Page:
Return to Granite Falls…

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Granite Falls, Rocky Mountain National Park

Granite Falls, located on the western side of Rocky Mountain National Park, from the Green Mountain Trailhead, is about an eleven-mile out and back hike. So, what does one do on the second day of summer with the threat of rain, snow and/or thunder on the return portion of the hike? Well, Stella, who does not like hiking during the warmer summer months said, “Let’s go for it.” After finishing a quick breakfast, we gathered our gear and headed to the trailhead.

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Heading up the Green Mountain Trail

As we approached the trailhead and prepared for the ascent to Big Meadows, Stella set the pace. On our first foray to the falls two years ago, we had paced ourselves too quickly and had found the need to stop to catch our breath a few times. We have since learned to pace ourselves accordingly so that we don’t have to stop as often. Now, if we were able to partake in these outdoor activities every day versus only on the weekends, we both would be in better shape. But alas, we are still full-time working folks, who dream of early retirement.

The trail that day was *extremely* muddy, but was in fairly good condition considering the amount of rain and snow that had recently fallen. Throughout the trail, there were some areas where large trees had fallen over the path. One could either hop over them, or find a way to circumvent the fallen timber. I would anticipate that later in the year, those obstacles would be removed from the path.

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Tonahutu Creek

The most difficult part of the hike is from the Green Mountain Trailhead to Big Meadows because there is roughly a six-hundred foot elevation gain over the course of about a mile and a half, which is where one could become winded if trekking too quickly. From there, the trail becomes a relatively easy hike to the falls.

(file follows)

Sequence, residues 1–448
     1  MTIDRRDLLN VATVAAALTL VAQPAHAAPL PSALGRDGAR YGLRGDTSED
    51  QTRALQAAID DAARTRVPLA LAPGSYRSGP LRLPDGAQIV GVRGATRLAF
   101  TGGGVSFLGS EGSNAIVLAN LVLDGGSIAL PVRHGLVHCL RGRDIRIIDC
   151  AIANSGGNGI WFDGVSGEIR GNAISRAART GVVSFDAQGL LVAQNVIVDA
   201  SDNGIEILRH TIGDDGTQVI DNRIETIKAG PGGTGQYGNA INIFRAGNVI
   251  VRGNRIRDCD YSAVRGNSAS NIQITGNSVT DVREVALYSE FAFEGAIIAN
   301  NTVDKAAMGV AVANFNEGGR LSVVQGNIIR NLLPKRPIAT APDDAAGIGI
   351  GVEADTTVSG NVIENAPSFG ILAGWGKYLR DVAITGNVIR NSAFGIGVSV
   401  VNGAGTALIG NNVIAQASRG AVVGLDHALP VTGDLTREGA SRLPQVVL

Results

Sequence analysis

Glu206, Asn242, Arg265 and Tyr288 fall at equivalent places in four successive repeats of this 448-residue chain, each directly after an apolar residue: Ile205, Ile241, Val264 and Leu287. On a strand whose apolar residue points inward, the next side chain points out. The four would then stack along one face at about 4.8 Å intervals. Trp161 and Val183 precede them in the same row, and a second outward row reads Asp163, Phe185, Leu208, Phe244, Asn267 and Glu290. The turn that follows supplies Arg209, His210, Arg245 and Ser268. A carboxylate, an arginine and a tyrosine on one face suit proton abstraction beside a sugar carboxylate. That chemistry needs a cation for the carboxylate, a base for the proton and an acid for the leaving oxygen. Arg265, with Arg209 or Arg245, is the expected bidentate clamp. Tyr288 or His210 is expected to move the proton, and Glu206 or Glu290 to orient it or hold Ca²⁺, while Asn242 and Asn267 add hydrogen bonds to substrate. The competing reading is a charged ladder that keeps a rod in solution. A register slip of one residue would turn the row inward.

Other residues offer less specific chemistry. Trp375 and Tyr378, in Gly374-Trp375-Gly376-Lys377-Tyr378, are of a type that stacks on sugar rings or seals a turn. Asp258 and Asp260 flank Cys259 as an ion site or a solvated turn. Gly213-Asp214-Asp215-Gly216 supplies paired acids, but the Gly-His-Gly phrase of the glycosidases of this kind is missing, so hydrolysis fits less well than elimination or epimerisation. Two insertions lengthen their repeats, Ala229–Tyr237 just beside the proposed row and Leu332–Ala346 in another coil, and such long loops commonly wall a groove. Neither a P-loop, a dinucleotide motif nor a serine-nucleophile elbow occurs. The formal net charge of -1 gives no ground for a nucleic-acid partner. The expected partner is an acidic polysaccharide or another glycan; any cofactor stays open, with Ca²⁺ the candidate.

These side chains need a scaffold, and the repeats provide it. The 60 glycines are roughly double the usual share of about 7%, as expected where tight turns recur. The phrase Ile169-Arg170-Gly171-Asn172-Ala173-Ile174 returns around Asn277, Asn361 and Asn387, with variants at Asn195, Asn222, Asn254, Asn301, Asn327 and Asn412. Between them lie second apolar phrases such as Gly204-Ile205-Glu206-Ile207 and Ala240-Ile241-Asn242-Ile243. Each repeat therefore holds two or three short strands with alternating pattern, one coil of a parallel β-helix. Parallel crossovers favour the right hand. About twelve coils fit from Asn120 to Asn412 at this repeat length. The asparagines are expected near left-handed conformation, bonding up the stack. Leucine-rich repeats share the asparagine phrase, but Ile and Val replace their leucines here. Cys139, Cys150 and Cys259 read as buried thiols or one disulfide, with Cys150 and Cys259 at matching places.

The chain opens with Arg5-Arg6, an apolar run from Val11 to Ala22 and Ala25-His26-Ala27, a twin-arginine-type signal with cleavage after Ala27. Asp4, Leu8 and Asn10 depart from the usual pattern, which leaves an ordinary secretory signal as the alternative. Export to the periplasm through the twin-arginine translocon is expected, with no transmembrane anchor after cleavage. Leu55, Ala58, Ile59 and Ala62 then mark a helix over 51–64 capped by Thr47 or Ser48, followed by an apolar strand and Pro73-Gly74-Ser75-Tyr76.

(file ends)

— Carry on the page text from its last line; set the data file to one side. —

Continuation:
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The remains of an old log cabin, Big Meadows

Big Meadows is appropriately named: large and open! At that point, there are several spots to step off from the trail and take a peak into the lush open space, while keeping a keen eye out for wildlife, particularly moose. Unfortunately, we did not spot any wildlife in Big Meadows that day. At the northern end of Big Meadows, begins the easterly trek towards Granite Falls and Tonahutu Creek. The sound and beauty of the creek teases hikers with its meandering flow as it winds through Rocky Mountain National Park, before spilling into Grand Lake.

Just before the final push to Granite Falls, hikers will pass through “the burn,” as I like to describe it. That area is the remains of the Big Meadows fire from June of 2013. On the trek that day, it was refreshing to see the rebirth of that area, as just two years ago it had still looked like scorched earth. And, it was there where we noticed a lone bull moose forging in the grassy meadow below the trail (on the opposite side of the “the burn”).

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“The Burn”
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A young bull moose along Tonahutu Creek

As we continued along the trail, our ears began to pick up on the magnificent roar of Granite Falls. You will know you are getting close when you happen upon the Lower Granite Fall campsite, which is along the Tonahutu Creek. Imagine falling asleep to the sound of the rushing water that has fueled the forest and wildlife for so many years – amazing!

A short climb later, we had reached the mighty Granite Falls. As we climbed down and off of the trail to gain a better view of the falls, I would advise everyone to be very cautious. Getting closer to the falls is somewhat steep, and one miss-step would definitely ruin the day. We spent a bit of time watching the water thunder over the rocks and boulders, the winter runoff in full effect.

While I was close to the action taking pictures, Stella had been keeping an eye on the sky. Just after she had yelled, “Larry, we need to go now,” a resonating clap of thunder shook the ground, with a bolt of lightening that lit up the sky! From that point on, the five-and-a-half mile trek back down to the trail head was comprised of deep mud, rain, snow, sleet, thunder, and lightening. That is why I always remind Stella, and others, to bring gear for all of the elements when hiking in the mountains because the weather in high elevations is always unpredictable. Who would’ve thought that type of weather would occur on June 23rd?

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The trek back to the trailhead in the snow…

 

 

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